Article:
Biergarten Putsch (or: Bodies taken over by beer)

Trip Start Aug 11, 2009
Trip End Oct 08, 2009

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Flag of Germany  , Bavaria,
Thursday, August 27, 2009

We arrived in Munich in the early afternoon and had a few hours to kill before our new found friend Katja was home from work to greet us (if you don’t recall, we met her in Amsterdam at the beginning of the trip). She lives in the Maxvorstadt neighborhood which is adjacent to the train station and within walking distance of several of the "big eight" Munich breweries. A very convenient neighborhood for proximity and a very livable one, too. Also convenient – a sprawling tree covered Munich beer garden smack between the train station and Katja’s apartment. We lugged our bags through the gravel grounds and quickly found out the beer garden rules. There is a section that has serviced tables and a larger section that is self service. Within the serviced area were round tables that were reserved for use only by the locals, which is fantastic. We first sat in the serviced area and had a quick snack and our first gigantic beers under a shade that helped cut a hot, humid day.

The beer gardens are serviced and run by the various big breweries in town and carry the brewery’s name on them. We were at an Augustiner beer garden, Augustiner-Keller (80335 Maxvorstadt, Munchen), but had made the mistake of going to a different Augustiner beer establishment after getting off the train (in the complete opposite direction, of course). Considering the sheer number of Augustiner establishments it is an easy mistake to make. This one, though, is the one to visit. It’s a beautiful outdoor park environment and even has a separate kids’ park area. When we arrived it was early and there were plenty of seats to be had. We hopped over to the self service area because the food and drink options were more varied and it’s cheaper overall. It’s also easier to be near the locals, too, and not separated by round and square table designations. Within an hour and a half the entire place was already getting close to full – on a Monday afternoon at 4 pm. Nice. The beer selection is limited to only the Augustiner beer line and the choices were the huge pils steins, a Weissbeer or Weissbeer dunkel.  We also unpleasantly found out that shandy is also alive and well here. For those of who may not know, a shandy is mix of beer and lemonade or, in this case, also beer and Coke. Gross. Why in the world would anyone do that to perfectly drinkable beer? It’s an abomination and we mistakenly grabbed one. Marisa actually had the great misfortune of first tasting it. I thought her face was going to fall off by the look it elicited. In fact, we left it at the end of the table hoping one of the staff would pick it up, but after a couple of hours of it sitting there we weren’t sure if they were being polite because it was a nearly full glass or they were afraid of it.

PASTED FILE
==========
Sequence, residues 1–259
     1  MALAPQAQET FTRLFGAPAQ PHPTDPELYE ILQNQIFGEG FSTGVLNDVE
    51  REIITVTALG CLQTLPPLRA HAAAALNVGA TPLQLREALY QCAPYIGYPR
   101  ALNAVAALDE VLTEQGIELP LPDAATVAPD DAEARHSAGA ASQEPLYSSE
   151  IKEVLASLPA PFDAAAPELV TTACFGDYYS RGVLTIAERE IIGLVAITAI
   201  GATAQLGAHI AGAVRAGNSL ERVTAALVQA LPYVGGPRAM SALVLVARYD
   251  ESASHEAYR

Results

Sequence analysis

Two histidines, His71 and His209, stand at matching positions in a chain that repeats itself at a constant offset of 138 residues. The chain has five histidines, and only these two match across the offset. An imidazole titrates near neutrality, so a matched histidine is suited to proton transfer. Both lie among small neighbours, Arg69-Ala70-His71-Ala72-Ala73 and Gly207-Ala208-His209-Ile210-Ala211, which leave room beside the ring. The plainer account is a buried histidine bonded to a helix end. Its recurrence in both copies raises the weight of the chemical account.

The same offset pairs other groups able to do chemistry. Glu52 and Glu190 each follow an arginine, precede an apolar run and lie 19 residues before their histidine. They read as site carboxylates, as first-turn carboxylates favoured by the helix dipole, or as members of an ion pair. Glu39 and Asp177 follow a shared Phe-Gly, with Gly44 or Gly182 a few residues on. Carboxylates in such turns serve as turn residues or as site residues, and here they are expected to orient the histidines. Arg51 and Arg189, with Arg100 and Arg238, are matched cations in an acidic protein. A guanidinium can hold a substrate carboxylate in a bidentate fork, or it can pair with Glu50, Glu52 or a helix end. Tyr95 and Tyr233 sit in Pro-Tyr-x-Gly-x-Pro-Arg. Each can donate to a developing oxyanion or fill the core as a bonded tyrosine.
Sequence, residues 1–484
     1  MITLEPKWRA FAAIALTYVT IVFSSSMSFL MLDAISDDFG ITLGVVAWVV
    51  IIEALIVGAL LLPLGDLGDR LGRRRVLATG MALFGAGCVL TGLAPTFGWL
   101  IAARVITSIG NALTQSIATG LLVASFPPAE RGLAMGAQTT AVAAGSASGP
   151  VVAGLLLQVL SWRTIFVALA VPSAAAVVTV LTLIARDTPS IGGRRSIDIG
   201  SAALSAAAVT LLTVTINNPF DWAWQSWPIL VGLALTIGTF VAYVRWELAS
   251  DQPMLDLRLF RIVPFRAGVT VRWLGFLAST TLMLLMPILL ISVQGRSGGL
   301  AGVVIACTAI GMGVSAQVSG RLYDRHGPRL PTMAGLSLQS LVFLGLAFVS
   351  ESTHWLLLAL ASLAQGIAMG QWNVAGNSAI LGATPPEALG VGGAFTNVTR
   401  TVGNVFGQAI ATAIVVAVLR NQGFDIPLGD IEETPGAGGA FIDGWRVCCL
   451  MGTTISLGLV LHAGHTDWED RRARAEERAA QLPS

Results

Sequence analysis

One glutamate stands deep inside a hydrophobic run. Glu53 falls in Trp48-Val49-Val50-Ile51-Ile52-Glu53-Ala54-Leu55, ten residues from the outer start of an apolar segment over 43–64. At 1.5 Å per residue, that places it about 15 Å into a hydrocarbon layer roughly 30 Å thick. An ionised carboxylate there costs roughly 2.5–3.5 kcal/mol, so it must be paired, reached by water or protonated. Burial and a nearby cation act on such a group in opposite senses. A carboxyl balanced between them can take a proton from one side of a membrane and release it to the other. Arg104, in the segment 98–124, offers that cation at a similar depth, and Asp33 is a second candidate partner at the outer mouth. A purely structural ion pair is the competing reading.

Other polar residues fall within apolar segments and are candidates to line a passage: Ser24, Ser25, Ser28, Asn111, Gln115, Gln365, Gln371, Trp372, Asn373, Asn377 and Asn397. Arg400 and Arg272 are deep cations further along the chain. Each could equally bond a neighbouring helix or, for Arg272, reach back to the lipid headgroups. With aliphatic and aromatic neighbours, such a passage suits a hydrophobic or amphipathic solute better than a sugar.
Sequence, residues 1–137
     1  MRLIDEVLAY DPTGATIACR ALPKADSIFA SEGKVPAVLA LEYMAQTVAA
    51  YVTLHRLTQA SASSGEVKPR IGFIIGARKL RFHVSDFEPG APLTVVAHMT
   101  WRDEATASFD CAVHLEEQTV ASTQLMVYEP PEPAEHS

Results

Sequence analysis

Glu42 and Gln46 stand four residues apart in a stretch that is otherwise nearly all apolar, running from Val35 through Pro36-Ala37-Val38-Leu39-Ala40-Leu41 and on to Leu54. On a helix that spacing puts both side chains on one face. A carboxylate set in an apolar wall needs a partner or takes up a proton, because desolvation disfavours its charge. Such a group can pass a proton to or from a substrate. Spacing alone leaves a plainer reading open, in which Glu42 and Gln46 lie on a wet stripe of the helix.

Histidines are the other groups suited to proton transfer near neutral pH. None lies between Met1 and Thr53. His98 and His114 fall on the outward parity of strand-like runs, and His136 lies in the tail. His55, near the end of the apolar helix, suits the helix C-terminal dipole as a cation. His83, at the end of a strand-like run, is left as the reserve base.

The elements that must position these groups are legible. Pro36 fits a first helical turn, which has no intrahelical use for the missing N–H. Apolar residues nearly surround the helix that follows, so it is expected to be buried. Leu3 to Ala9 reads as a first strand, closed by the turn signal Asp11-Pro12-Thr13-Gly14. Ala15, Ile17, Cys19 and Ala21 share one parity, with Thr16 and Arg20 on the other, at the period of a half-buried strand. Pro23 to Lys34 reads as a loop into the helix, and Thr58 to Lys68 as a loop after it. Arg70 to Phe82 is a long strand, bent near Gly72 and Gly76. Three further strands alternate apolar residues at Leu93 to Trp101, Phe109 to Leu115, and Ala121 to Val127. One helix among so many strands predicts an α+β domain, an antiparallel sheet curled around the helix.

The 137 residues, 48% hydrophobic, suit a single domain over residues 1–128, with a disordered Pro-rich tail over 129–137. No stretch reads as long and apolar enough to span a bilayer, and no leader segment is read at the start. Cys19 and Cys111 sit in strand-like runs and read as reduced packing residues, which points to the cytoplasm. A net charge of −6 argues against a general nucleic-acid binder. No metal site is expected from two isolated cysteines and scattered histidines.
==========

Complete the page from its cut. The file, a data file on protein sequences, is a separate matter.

We hadn’t planned on it, but we ended up hanging out at the beer garden for four hours. Four hours of drinking big glassed beers. Clearly, damage was going to be done. To hell with it, we’re in Munich and drinking unreasonable amounts of beer was a goal. There was some food involved – Marisa got a spit roasted half chicken that had been basted in butter and parsley and was a greasy, great tasting mess. I had a meat called meat loaf, but it isn’t like at home. It’s a mystery meat product pressed into a loaf and eaten with mustards. Properly named, I guess, and straight up bar food. We also had a sugary pastry that is a local favorite and is basically a dough pulled apart into a roundish shape, fried and doused with powdered sugar. It’s another of those items that deposits directly into the blood stream. I didn’t get the chance, but wanted to try the Stickelfisch that was cooking over the coals of a large barbecue. It’s a local fish stuck whole on a skewer, cut open along its side and cooked over the coals until the outside is crispy and the inside is ready to eat (see picture, it looked really good, but, of course, we had some serious beer goggles on at that point.)